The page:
NextEduMap: Epitome of Crowdfunding

A journey of 2000 kms, traversing 6 cities, 100s of 1000s of people, and with one goal – to envision and update the NextEduMap of alternative education initiatives and institutes around the world. With this big picture in mind, a group of backpackers, educators, superheroes, game-changers, call them what you feel like, are taking this once-in-a-lifetime expedition to some of the most creative education hubs across Northern Europe.

The bus tour will begin in Amsterdam on November 23rd at the Knowmads Business School, and later to KaosPilots in Copenhagen, YIP (Youth Initiative Program) in Jarna, followed by a Stockholm surprise, before reaching the venue of the Social Capital World Forum in Gothenburg on November 30th. This week-long journey will involve the active participation of several students, teachers, visionaries, and with the world as its online audience – interacting with and witnessing every step in the growth of the NextEduMap. These new education points added to the next map, will straightaway be in action during the Jelly Week – an annual global-local event of worldwide collaboration, whose 2013 week is being held between 14-20 January.

So why Northern Europe for starters? Well, the first step in the sustenance of this education revolution has to begin somewhere, and where better than a part of the world that hosts some of the most innovative learning environments. And to make these very insights enduring and available for the rest the world.

The tour will involve a series of challenges right from the fun and purposeful ones to those like navigating through the winters of Northern Europe and crowdfunding the mission leading up to the NextEduMap.

In essence this project epitomizes the idea of Crowdfunding, that is to let the crowd sow the seed for the next generation of learning, and enabling its fruits to reach every nook and corner of the world. Find out how you can crowdfund this initiative in the Edu on Tour Indiegogo page.

Fund & Follow ‘Edu on Tour’

Would you like to experience education programs that connect the dots, take into account extraordinary measures from world-over, and deliver these learnings real-time to the gen-next educators? And this isn’t about one place, one organization or one way of doing things but a collective sense-making of the abundance. Promoting and acting on this exciting mission via a mutually-rewarding game is the aim of SCWF’s upcoming Edu on Tour campaign. Be part of this global experiment…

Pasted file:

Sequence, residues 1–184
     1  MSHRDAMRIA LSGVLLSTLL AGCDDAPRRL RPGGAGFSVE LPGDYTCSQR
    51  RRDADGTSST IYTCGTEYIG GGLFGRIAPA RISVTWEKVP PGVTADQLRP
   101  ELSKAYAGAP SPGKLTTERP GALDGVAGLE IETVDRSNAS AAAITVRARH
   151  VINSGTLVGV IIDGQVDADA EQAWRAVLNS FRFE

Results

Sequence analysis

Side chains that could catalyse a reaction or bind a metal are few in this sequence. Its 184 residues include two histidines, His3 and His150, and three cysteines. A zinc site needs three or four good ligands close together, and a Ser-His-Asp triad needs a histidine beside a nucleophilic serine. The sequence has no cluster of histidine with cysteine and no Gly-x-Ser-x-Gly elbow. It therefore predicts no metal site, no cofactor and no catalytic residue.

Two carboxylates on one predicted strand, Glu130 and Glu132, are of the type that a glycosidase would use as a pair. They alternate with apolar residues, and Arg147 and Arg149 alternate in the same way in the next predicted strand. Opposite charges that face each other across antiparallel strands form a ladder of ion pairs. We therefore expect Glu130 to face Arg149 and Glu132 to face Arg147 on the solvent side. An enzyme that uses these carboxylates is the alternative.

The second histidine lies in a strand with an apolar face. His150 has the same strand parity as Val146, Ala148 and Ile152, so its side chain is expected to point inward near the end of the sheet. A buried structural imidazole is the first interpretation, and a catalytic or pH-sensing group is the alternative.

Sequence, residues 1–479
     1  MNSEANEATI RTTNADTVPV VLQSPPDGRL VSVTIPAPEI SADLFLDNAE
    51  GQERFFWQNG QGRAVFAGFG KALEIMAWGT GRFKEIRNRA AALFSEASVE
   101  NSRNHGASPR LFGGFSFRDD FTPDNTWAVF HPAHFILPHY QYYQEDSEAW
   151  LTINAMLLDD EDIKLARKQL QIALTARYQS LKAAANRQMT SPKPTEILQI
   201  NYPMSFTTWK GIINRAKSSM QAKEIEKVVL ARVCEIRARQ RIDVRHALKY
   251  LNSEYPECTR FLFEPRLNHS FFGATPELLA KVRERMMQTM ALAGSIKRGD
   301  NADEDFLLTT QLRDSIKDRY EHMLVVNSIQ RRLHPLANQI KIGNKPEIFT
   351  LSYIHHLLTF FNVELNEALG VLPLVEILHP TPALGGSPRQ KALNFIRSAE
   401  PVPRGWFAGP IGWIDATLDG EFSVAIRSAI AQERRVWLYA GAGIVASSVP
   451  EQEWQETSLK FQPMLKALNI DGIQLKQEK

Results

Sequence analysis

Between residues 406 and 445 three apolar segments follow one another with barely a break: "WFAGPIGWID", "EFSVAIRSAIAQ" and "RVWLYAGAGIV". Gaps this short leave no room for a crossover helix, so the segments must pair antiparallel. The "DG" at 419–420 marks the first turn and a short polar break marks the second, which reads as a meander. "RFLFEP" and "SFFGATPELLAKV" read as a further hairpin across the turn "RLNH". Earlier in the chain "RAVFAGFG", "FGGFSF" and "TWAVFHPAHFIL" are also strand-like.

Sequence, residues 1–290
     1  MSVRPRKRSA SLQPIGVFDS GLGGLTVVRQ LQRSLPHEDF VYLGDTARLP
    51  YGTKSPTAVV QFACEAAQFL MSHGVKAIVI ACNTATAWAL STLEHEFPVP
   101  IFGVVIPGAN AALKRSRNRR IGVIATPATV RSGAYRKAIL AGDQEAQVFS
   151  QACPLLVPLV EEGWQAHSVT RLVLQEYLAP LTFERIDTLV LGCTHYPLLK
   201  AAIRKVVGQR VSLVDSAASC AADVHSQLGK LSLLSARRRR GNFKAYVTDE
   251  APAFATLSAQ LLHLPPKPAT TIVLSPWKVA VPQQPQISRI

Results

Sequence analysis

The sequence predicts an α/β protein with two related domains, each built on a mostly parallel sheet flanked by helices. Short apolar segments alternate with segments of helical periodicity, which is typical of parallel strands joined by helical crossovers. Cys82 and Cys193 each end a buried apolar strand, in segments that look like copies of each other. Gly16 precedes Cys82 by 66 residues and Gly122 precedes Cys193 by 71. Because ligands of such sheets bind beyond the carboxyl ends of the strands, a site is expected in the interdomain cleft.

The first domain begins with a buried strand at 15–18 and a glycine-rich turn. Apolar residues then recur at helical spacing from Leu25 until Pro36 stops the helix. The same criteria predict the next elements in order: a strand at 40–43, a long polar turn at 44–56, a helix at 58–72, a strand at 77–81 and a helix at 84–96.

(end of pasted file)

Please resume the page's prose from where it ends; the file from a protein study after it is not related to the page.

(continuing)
Extraordinary times require extraordinary measures, a statement said in support of the JOBS Act in the US and one that puts a stamp of approval on crowdfunding. While this recession has brought to the fore a whole range of challenges, from financial institutions and their stimulus packages to the need for encouraging entrepreneurship and generating employment, there has been less focus on the education and employment link.

In the below telling animate, Sir Ken Robinson talks about the Changing Education Paradigms and how we are trying to meet the future by doing things we did in the past. His illustrious talk goes on to suggest that the current system of education was designed, conceived and structured for a different age. He believes it was conceived in the intellectual culture of the enlightenment and in the economic circumstances of the industrial revolution. Watch video:

Now we connect the dots, don’t we? While our kids are getting to know stuff from the digital media – computers, smart phones and 100s of Television channels as Sir Robinson says, we are still caught up subscribing them to the boring rote of an education system that has primarily been built for an industrial age.

So how do we evolve with the changing paradigms of education, is something being done about it? Well, a lot’s being done and we all at some point might come across bits and chunks of some great work. By sharing, collaborating and connecting them with each other, we can together revolutionize education. As Bert-Ola Bergstrand, Founder and Manager of the Social Capital Forum, feels we are yet to use even a small part of our knowledge-production – by spreading various examples and learning from them we build the knowledge capacity and get better development ideas.